Indian textile companies and textile manufacturers are making huge strides in their battle against the rise of fake brands, in a bid to combat the scourge of copycat goods.
The government has launched a campaign against imitation goods in an effort to combat counterfeiters.
In the past few months, textiles companies have gone from a market that had few options to one where all major brands are in the game.
As the government looks to boost the local economy, the industry is being targeted by the counterfeiters who are able to target a company by its name without any evidence of a link to the actual brand.
A survey carried out by the National Institute of Textiles (INT) in February this year found that about 45% of Indian companies use fake names.
This compares with 27% in the United States and 17% in France.
The report said that Indian textil companies were working hard to combat this problem.
The survey revealed that of all the companies surveyed, 46% of those that use the name of a company that does not exist had to change the name to avoid detection.
But many companies have to use a fictitious name to protect their brands, according to the survey.
A large number of Indian firms are also using the names of local brands.
This, says the survey, was the result of the government and its allies working together to “sabotage” local brands and companies.
“The survey showed that Indian companies were very willing to use fictitious names and to protect the brands they own from the threats of counterfeiters,” said Dr. Prashant Sharma, a textile industry expert at the Institute of Modern Studies, Delhi.
“This is the same strategy that was being adopted by other countries in the past,” Sharma said.
In India, counterfeiters are targeting local textile companies and their employees.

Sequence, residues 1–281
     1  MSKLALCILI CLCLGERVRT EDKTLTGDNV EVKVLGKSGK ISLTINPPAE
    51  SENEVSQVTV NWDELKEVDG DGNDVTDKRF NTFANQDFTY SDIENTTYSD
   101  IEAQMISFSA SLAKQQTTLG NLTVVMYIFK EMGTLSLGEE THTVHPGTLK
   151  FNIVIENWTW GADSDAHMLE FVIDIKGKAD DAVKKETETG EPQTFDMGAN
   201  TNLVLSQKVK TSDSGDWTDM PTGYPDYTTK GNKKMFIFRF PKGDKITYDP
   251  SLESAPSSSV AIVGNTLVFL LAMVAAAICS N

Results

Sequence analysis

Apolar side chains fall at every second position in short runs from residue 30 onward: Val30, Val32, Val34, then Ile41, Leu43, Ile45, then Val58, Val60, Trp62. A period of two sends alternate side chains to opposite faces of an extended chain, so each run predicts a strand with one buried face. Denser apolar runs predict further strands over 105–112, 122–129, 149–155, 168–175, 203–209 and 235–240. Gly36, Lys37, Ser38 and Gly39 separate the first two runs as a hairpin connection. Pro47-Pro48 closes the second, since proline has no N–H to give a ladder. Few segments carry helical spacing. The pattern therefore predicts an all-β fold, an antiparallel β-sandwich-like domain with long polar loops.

“In India, the textile sector is very lucrative, so the threat of counterfeiting is extremely low,” Sharma added.
India has a huge textile industry, which produces over 40% of the world’s cotton and 40% cotton-related products.
India is also one of the top 10 countries in terms of textile exports.
However, India is facing a global crisis in the textile industry.
Last year, India exported $1.3 billion worth of cotton to the United Kingdom and about $500 million worth to China.
The textile industry in India is now a highly competitive one.
In January, the Indian government announced an excise tax on fake textiles.
The new tax will be levied on any item that is manufactured or imported in India and that does “not contain genuine material”, such as fabric, cloth, textile paper, leather, plastic, rubber, wood, metal, ceramics, metals, paper, paperboard, paper towels and paper goods, the government said in a statement.
This tax will cost textile manufacturers up to ₹500 crore.
India’s textile industry is also in dire straits.
The number of factories has shrunk from about 2,500 in 2000 to about 700 today.
According to the latest official figures, India had 1,064 mills in March, down from 1,876 in February, and nearly 1,200 in January.
The drop in output was due to several factors, including a slowdown in domestic textile production, which has been affected by the global economic slowdown, according the Ministry of Commerce.
The Indian textile industry has also suffered from the country’s current high inflation rate of ₂2,700 per rupee, which is far above the ₱2,200 rate that most countries have to pay for basic commodities such as rice and pulses.